Beyond the Electoral College: A State-Based Plan for Electing the President by National Popular Vote
"The path to 270" is the catch phrase used in media coverage of who will win the Electoral College, which raises the question: Will everyone’s vote count equally in determining the next president of the United States? Some analysts argue the 2016 election will come down to the same 11 states that decided the most recent presidential contests. Meanwhile, two-thirds of the general election campaign events in the 2016 presidential race were held in just six states. We discuss campaigns for electoral reform with Rob Richie, co-founder and executive director of the electoral reform organization FairVote. He is co-author of "Every Vote Equal: A State-Based Plan for Electing the President by National Popular Vote."
Greg Palast in Ohio on GOP Effort to Remove African Americans from Voter Rolls in Battleground State
In an on-the-ground report from the battleground state of Ohio, investigative reporter Greg Palast has uncovered the latest in vote suppression tactics led by Republicans that could threaten the integrity of the vote in Ohio and North Carolina. On some polling machines, audit protection functions have been shut off, and African Americans and Hispanics are being scrubbed from the voter rolls through a system called Crosscheck. "It’s a brand-new Jim Crow," Palast says. "Today, on Election Day, they’re not going to use white sheets to keep way black voters. Today, they’re using spreadsheets."
As voters in the United States go to the polls, we look at some of the most important decisions they will make—not for president, governor, Senate or congressional races, but on more than 160 ballot initiatives in 35 states, more than in any election in the last decade. Marijuana legalization is on the ballot in nine states, and income inequality and economic insecurity are at the heart of many other measures, along with initiatives on guns, public education, the death penalty and Colorado’s Amendment 69, a citizen-initiated constitutional amendment which would finance universal healthcare. We are joined by Justine Sarver, executive director of the Ballot Initiative Strategy Center, and Sarah Anderson, director of the Global Economy Project at the Institute for Policy Studies, whose article in Truthout is titled "Seventeen Ballot Initiatives to Watch If You Care About Inequality."
- Voters Head to the Polls Across U.S. on Election Day
- Democrats Fight to Take Control of the U.S. Senate
- Jill Stein Files Complaint with FEC over Trump & Clinton Super PAC Coordination
- Tim Kaine on Dakota Access Pipeline Reroute: It’s the Right Thing to Do
- Norwegian Bank DNB Considering Cutting Funding of Dakota Access Pipeline
- Iraqi Military: Mass Grave Discovered in Hamam al-Alil, South of Mosul
- Brazil: Police Raid Landless Workers Movement's National School
- India: New Delhi Engulfed in Worst Air Pollution in 20 Years
- Yemen: Less Than Half of Health Facilities Fully Functioning Amid Conflict
- Volkswagen Faces Accusations as Its Longtime Historian Departs
- Philippines Supreme Court Rules Marcos Will Receive Hero's Burial
- Residents Decorate Susan B. Anthony's Tombstone with "I Voted" Stickers
With the presidential election just a day away, we continue our conversation with Academy Award-winning filmmaker Michael Moore, the director of "Roger & Me," "Fahrenheit 9/11," "Bowling for Columbine," "Sicko," "Capitalism: A Love Story" and "Where to Invade Next." He has just released a surprise new film titled "Michael Moore in TrumpLand." On Thursday afternoon, we spoke with Michael Moore about his new film, in which he suggests that the election of Donald Trump will herald the end of the United States.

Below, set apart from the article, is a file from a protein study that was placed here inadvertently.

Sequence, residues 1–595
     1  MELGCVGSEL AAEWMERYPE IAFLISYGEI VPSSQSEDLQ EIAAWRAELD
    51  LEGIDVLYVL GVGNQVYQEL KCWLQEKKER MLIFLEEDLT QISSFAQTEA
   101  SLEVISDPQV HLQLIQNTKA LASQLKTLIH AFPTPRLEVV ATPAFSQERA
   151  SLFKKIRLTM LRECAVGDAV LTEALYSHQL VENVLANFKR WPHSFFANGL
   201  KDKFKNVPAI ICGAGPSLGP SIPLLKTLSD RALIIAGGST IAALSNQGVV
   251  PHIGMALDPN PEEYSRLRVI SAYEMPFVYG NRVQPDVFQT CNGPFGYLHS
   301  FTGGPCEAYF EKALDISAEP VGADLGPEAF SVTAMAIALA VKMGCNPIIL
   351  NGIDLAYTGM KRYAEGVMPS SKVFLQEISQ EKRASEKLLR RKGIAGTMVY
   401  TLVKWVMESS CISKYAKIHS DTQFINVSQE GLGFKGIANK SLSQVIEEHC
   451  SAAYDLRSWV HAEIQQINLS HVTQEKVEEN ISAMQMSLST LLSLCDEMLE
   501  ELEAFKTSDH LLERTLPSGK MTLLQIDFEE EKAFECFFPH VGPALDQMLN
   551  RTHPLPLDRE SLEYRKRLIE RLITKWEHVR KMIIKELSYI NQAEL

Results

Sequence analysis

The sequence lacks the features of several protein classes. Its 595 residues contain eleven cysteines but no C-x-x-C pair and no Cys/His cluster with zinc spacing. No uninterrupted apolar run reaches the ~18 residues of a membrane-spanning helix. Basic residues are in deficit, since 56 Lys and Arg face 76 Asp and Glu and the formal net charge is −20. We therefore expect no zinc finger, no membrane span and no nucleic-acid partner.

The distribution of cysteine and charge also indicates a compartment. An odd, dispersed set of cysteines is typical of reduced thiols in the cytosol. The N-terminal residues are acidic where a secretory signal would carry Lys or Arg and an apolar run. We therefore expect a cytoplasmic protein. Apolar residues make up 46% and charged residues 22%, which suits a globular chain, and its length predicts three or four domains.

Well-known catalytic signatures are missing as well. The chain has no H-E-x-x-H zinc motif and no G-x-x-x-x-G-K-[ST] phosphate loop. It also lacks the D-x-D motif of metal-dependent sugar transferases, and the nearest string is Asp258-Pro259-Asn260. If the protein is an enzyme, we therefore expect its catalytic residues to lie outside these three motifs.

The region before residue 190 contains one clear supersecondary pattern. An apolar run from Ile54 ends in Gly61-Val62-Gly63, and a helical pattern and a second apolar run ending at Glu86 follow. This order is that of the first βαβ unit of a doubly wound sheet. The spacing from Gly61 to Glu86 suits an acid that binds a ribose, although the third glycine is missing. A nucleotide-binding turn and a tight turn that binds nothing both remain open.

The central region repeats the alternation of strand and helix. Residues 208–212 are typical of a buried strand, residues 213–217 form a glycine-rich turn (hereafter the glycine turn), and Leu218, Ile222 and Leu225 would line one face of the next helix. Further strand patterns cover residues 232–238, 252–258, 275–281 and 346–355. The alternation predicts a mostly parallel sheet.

Across the nation, almost 6 million people are prohibited from voting as a result of state felony disenfranchisement laws. Three-quarters of those now prevented from voting have been released from prison and are living in their communities either under probation, on parole or having completed their sentences. African Americans have been disproportionately impacted by the laws. Florida has the highest number of disenfranchised voters—where nearly one in four black adults is disenfranchised. Meanwhile, in Vermont and Maine, prisoners can vote from jail. How will this impact tomorrow’s election? For more, we speak with Victoria Law, freelance journalist and author of the recent article, "Disenfranchised by Misinformation: Many Americans Are Allowed to Vote But Don’t Know It." We also speak with Malissa Gamble, founder of The Time is Now to Make a Change, a support center for formerly incarcerated women in Philadelphia. She was incarcerated in Muncy, Pennsylvania, and released 13 years ago.
On Saturday, the U.S. Supreme Court restored a Republican-supported law in Arizona banning political campaigners from collecting absentee ballots filled out by voters. In New Jersey, a federal judge decided against the Democratic National Committee in a complaint it brought against the Republican National Committee, ruling that the RNC’s poll monitoring and ballot security activities did not violate a legal settlement. But in a ruling hailed by voting rights advocates, a federal judge late Friday ordered county elections boards in North Carolina to immediately restore registrations wrongfully purged from voter rolls. All of this comes as this year’s presidential election is the first in half a century to take place without the full protection of the Voting Rights Act. In 2013, the Supreme Court struck down crucial components in Section 5 of the act in a case called Shelby County v. Holder, when it ruled that states with histories of voting-related racial discrimination no longer had to "pre-clear" changes to their voting laws with the federal government. For more, we’re joined by Ari Berman, author of the recent article, "There Are 868 Fewer Places to Vote in 2016 Because the Supreme Court Gutted the Voting Rights Act."
- FBI Clears Clinton in Latest Probe over Emails
- Clinton, Trump Crisscross Nation Ahead of Election Day
- Trump Accuses Democrats of Voter Fraud
- Arizona Anti-Immigrant Sheriff to Deploy Deputies at Polling Places
- Reno, Nevada: Trump Protester Beaten for Holding Sign
- Pennsylvania Neo-Nazi Rally Features Signs of Support for Trump
- Dylann Roof Mass Murder Trial Opens in South Carolina
- Cincinnati, OH: White Police Officer Who Killed Black Motorist Wore Confederate Flag
- Photo Shows White St. Louis Officer Posing with Black Man's Dead Body
- Iraq: U.S.-Backed Forces Advance on Mosul
- Syria: Kurdish Forces Launch Campaign to Capture Raqqa
- Oklahoma: Strong Earthquake Causes Major Damage to Cushing
- Colonial Pipeline Restarted Six Days After Deadly Explosion
- ND Police Tear Gas Native American Protectors Defending Sacred Sites from Dakota Access Pipeline
- U.N. Climate Change Talks Open in Morocco
- NJ Gov. Christie Denies Involvement After Aides Convicted in "Bridgegate"
- Jury Finds Rolling Stone Defamed UVA Administrator in Gang Rape Story
- Hong Kong Pro-Independence Movement Faces Crackdown
- Volkswagen Accused of Cheating on Greenhouse Gas Emissions
- Nicaragua: Daniel Ortega Wins Third Consecutive Presidential Term
- Janet Reno Dies of Complications from Parkinson's at 78